“Because the scenes are somewhat abstract — they deal with life and death and spirituality — it lends it to many different versions,” Zelkowicz said.
Israeli composer Ofer Ben-Amots, who in 2007 wrote the music used in the PJMF production, said he interpreted the old story in two new ways:
“I wanted to make it a truly chamber opera piece — very small, nothing like Wagnerian opera,” Ben-Amots said in a phone interview from Colorado.
Second “Unlike the original ‘Dybbuk,’ I wanted to put Leah in the center, and put her thoughts and emotions into the center of the piece. In the original play, she’s just a young woman within a very Orthodox society where she doesn’t have much of a say; she’s being told who to marry and why, but she can’t express herself. This is from her perspective.”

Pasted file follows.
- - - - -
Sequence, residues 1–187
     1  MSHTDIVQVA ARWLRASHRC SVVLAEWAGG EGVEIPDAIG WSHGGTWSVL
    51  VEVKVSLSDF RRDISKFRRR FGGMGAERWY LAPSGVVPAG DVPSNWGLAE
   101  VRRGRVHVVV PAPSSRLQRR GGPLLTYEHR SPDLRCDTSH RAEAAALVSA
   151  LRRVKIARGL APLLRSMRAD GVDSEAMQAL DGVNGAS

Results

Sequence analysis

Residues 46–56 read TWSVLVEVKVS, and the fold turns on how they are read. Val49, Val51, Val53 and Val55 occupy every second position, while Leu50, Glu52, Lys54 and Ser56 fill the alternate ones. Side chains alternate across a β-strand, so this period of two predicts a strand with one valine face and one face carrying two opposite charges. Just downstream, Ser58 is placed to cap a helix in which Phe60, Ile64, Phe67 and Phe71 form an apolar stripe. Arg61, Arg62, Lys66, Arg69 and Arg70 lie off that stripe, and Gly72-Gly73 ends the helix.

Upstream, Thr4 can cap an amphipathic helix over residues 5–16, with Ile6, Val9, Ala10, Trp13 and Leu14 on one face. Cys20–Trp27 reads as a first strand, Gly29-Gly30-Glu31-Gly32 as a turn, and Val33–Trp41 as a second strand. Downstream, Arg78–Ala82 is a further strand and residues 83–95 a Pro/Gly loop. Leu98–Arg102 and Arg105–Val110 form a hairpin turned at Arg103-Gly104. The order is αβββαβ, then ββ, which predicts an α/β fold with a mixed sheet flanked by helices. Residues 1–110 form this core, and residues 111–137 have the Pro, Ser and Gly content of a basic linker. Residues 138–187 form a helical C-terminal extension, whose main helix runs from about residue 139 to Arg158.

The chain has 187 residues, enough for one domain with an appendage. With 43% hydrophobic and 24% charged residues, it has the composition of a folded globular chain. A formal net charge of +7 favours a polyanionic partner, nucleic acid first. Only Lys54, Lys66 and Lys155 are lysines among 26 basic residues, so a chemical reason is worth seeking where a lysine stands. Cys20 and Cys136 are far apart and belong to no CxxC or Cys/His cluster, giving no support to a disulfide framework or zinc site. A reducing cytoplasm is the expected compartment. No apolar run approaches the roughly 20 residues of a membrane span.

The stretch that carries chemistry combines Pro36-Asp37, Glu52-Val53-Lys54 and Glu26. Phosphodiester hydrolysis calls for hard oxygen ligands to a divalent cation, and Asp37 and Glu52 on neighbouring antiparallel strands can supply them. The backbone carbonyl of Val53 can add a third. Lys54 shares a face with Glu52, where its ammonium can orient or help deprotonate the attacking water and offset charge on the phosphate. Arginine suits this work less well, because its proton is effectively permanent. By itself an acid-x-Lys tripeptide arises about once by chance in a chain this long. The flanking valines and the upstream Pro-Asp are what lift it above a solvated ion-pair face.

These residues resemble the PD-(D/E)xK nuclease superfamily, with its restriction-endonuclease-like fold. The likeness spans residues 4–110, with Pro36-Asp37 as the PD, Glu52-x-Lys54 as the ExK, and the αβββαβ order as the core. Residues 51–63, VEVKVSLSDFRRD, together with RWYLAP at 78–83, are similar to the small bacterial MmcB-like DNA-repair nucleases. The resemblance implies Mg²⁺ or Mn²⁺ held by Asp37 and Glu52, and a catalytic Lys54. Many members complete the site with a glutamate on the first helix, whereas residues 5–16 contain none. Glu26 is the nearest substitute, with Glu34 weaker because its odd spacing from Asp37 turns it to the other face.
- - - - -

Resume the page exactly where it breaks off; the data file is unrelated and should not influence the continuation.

Zelkowicz is directing the production while Pittsburgh choreographer Joan Wagman is working with the Texture Contemporary Ballet on the dance scenes.
They have been collaborating on the project for about a year, creating a show that will be half music, half dance — something new for the PJMF.
The cast includes the singers — soprano Yahli Toren who plays Leah, and baritone Guenko Guechev, plays the rabbi who exorcises the dybbuk — and Pittsburgh actor Leon S. Zionts portrays Leah’s father.
Clarinetist Gilad Harel, who, like Toren, is a veteran of past Dybbuk productions, plays music that stands in for the demon possessing Leah.
The bridegroom Leah is obligated to marry has no written role in the opera, which is where the life-size puppet comes in.